By Ted Widmer
Special to The Washington Post
Tuesday, June 2, 2009
The Making of a President
By Richard Wolffe
Crown. 356 pp. $26
Given how often Barack Obama has been compared to John F. Kennedy, it makes sense that we now have a Camelot-style report on the great campaign of '08. Kennedy's election was a literary as well as a political watershed, inspiring writers whose taut and sardonic style mirrored that of JFK himself. Not long after the election, Theodore White broke big with the publication of "The Making of the President, 1960," a classic of political reporting that covered the campaign with a novelist's sense of drama and a stenographer's sense of detail. It has been imitated many times since, including by White himself, who dutifully put himself through the same paces every four years, sweating out similar books all the way through 1972 but never duplicating the caffeinated energy of the original. Despite hundreds of campaign books since then, no one else has either.
More consciously than most, Richard Wolffe has now entered the Teddy White sweepstakes with "Renegade: The Making of a President." The connection is right there in the title, and from the very first words there is little doubt what he is up to. Wolffe covered the Obama campaign for Newsweek, and at times he seems to be channeling White (who had been a Time reporter), referring to his protagonist as "the candidate" and deploying short, dramatic sentences that heighten the air of mystery about the transfer of power. Wolffe's first sentence ("Election day starts, in the small hours, where the candidate has spent most of his last 626 days: on a plane."), like White's ("It was invisible, as always."), comes straight out of Hemingway 101.
"Renegade" stakes an audacious claim to its own importance and largely lives up to it. Like White, Wolffe was lucky in several ways, beginning with the fact that the campaign he chose to cover was exceptionally historic. But he was also granted unusual access to the candidate, and one of the book's more interesting episodes reveals that it was Obama who came up with the idea of Wolffe's project, nudging him forward with a casual remark ("Why can't you write a book about it? Like Theodore White. Those are great books.")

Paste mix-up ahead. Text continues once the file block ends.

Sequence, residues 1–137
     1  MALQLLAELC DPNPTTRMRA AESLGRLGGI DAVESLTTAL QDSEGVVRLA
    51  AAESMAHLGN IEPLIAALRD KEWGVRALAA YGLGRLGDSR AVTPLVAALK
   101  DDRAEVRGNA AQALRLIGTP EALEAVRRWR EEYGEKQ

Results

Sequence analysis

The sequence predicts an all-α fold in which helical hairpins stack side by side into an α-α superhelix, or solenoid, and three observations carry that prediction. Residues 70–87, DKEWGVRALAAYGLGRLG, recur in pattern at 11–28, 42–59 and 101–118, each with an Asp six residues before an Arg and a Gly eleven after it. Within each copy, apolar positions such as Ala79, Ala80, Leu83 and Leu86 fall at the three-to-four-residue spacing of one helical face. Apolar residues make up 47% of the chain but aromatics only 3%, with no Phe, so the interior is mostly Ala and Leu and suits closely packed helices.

"Renegade" tells the whole amazing story, restating how unlikely it seemed, only two years ago, that President Obama would ever be identified as such. When the campaign started, he was 99th out of 100 senators in seniority. In 2000, he couldn't even gain admission to the Democratic convention, and his credit card was declined when he tried to rent a car in L.A. Wolffe explores all of the ups and downs of 2008, relaying anecdotes both new and familiar. There are not quite as many flashbulb revelations as I expected, beyond a horrifying glimpse into just how directionless the Bush White House was at the time of the economic collapse last fall and some provocative suggestions that the Obama marriage was in trouble around 2000, when his political ambitions were surfacing.
But the book is clear, concise and well written, effectively retelling a story that still astonishes us, even after we all lived through it last year.